October 4, 2011 / 3:23 PM / 6 years ago

Chechen recalls Russia revolution, brutal Stalin era

GOITY, Russia (Reuters) - A black hijab frames the heavily wrinkled face of Kesi Karuyeva, a great-grandmother from Russia’s Muslim Chechnya region whose official documents appear to show she is the oldest person in the world.

<p>Kesi Karuyeva, whose official documents showed she is the oldest person in the world, looks on inside her house in the village of Goity, about 20 km (12 miles) south of the Chechen capital Grozny September 27, 2011. REUTERS/Diana Markosian</p>

Having lived through the Bolshevik Revolution almost a century ago, the enforced deportation of Chechens at the hands of Josef Stalin and two post-Soviet separatist wars, Karuyeva’s passport says she turned 116 at the start of this year.

Though the claim could not be independently verified, it would make the Chechen villager a year older than American Besse Cooper, who was named the world’s oldest living person by Guinness World Records earlier this year.

“My father was very rich but when (Czar) Nikolai’s rule ended, the money was tossed away,” Karuyeva said of the 1917 Revolution, when Communists swept to power, forcefully seizing private property.

Relatives of Karuyeva who live with her in the tiny village of Goity some 20 km (12 miles) south of the regional capital Grozny, say her memory is flawless.

“She’s just a little deaf, that’s all. Life was not sweet for her, it was very hard,” relative Leyla Karuyeva told Reuters in their modest brick house, where jars of pickled tomatoes and peppers rest beside Muslim prayer beads on the windowsill.

<p>Kesi Karuyeva, whose official documents show she is the oldest person in the world, displays her passport inside her house in the village of Goity, about 20 km (12 miles) south of the Chechen capital Grozny September 27, 2011. REUTERS/Diana Markosian</p>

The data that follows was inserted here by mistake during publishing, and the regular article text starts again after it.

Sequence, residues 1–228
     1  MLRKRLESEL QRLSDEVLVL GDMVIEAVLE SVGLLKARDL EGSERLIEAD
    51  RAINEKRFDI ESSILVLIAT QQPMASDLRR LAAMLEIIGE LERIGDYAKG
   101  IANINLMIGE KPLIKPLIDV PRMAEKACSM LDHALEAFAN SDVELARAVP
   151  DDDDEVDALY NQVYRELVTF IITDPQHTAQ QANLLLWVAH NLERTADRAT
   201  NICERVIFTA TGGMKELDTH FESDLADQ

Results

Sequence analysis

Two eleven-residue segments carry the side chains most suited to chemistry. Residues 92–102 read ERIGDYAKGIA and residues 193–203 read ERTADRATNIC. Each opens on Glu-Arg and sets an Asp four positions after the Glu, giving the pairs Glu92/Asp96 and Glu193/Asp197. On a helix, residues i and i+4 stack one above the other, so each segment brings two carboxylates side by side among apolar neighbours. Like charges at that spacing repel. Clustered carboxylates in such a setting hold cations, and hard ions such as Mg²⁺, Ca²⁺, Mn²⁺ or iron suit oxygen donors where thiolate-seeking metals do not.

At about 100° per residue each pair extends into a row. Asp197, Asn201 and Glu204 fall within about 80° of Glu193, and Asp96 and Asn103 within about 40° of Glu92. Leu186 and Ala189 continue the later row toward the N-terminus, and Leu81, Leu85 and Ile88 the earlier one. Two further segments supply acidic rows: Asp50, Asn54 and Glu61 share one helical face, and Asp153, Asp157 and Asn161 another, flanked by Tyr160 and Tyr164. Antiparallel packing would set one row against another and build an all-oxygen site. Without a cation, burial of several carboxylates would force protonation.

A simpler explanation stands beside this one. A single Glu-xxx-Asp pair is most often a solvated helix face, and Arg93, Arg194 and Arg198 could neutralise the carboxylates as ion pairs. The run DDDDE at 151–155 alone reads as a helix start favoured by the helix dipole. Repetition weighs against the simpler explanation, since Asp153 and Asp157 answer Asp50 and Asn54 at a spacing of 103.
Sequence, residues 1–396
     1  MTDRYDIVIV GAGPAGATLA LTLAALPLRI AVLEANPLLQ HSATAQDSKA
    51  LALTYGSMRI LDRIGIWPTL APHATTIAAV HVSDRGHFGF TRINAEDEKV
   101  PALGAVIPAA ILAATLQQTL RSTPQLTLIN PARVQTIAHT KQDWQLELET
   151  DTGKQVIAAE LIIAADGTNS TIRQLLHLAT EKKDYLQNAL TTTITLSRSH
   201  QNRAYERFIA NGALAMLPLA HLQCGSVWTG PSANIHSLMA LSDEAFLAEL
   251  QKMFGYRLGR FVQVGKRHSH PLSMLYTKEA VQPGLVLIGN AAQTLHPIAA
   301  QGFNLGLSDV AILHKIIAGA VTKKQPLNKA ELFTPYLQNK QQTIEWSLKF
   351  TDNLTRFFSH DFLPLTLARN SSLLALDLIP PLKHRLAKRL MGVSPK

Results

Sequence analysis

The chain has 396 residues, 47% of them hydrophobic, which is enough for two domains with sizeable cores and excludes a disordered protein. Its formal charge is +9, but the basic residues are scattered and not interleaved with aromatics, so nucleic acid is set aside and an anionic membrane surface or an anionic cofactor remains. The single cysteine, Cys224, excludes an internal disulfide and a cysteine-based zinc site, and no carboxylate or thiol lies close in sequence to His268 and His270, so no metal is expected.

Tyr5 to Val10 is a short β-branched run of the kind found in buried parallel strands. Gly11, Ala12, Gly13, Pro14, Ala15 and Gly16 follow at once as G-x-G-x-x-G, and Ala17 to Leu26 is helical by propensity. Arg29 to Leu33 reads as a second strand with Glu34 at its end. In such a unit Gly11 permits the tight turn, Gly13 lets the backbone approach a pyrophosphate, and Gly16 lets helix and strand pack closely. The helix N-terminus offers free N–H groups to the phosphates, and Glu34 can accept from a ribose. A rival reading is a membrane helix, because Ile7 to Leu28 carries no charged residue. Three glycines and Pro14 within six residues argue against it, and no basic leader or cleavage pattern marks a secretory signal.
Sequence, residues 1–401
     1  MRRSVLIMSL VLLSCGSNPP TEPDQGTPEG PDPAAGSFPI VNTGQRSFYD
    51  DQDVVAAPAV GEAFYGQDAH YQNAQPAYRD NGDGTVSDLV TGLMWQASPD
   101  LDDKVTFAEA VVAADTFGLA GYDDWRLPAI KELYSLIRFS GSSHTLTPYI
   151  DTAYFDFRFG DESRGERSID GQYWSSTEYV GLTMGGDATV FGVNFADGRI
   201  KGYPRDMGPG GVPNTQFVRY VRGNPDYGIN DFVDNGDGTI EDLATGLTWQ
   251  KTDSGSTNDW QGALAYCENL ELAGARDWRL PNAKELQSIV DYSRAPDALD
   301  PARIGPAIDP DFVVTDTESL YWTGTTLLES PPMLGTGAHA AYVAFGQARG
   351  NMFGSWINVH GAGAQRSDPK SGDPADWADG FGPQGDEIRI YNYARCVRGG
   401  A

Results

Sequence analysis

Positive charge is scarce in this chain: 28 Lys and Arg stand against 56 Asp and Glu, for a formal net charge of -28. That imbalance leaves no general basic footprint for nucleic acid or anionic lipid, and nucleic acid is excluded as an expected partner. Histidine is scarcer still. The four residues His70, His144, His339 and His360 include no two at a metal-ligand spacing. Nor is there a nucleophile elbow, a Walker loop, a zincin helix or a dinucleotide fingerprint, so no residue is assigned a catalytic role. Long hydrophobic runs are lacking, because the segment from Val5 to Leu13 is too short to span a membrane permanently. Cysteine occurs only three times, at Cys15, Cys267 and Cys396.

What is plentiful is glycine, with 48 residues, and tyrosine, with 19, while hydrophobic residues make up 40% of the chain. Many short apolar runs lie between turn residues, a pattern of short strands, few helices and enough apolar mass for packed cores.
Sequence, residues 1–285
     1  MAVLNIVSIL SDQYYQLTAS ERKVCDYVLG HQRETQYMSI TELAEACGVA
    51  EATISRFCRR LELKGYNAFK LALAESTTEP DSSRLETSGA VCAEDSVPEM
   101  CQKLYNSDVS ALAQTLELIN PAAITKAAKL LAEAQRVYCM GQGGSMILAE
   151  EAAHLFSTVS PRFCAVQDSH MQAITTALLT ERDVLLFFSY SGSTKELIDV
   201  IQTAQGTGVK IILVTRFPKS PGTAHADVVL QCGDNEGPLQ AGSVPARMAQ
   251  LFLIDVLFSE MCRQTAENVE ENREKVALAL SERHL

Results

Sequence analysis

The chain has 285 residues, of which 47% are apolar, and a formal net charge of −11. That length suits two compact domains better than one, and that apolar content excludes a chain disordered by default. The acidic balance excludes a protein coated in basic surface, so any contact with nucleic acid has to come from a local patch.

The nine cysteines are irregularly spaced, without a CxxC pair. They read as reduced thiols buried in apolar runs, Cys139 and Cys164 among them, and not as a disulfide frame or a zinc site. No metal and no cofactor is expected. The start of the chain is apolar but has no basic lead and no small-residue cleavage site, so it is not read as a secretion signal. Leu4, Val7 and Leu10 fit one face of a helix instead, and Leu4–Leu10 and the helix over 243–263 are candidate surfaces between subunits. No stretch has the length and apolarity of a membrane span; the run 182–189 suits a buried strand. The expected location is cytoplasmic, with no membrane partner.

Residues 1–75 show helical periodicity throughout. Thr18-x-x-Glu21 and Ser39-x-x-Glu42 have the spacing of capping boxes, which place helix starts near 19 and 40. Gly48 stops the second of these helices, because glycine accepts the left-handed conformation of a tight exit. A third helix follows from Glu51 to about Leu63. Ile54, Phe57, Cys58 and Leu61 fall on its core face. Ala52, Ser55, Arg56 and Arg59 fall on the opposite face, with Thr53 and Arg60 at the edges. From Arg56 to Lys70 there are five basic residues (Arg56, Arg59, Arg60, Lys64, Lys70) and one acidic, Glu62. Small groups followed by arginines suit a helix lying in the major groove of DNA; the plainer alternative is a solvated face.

The grey eyes of the hunchbacked supercentenarian tear up as she recalls the plight of her people when Soviet dictator Stalin deported the entire nation in 1944 to Central Asia after accusing them of collaborating with invading Nazi Germany.

“We were loaded into big trucks and the Russians pointed at us with guns. We weren’t allowed to move to either side, weren’t allowed to go to the toilet,” Karuyeva said in her native Chechen, gesturing a gun with her arm and fingers.

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Many of the Chechens died. Karuyeva was sent to Ridder, a small barren town in the east of Kazakhstan, where she said she buried her husband and eight of her 10 children.

“It was so cold there. I remember my legs freezing and my daughter couldn’t pull my icy legs from my frozen boots,” she said, choking back a tear.

Soviet leader Nikita Krushchev let deported Chechens return home in 1957.

The scars from the brutal upheaval of an entire nation remain today -- it planted the seed of separatism that is cited by Islamist rebels today who are fighting for a separate state across the North Caucasus.

“Life is a little better now,” said daughter Khazan, a 76-year-old invalid who sat opposite her mother in a wheelchair.

Writing by Amie Ferris-Rotman

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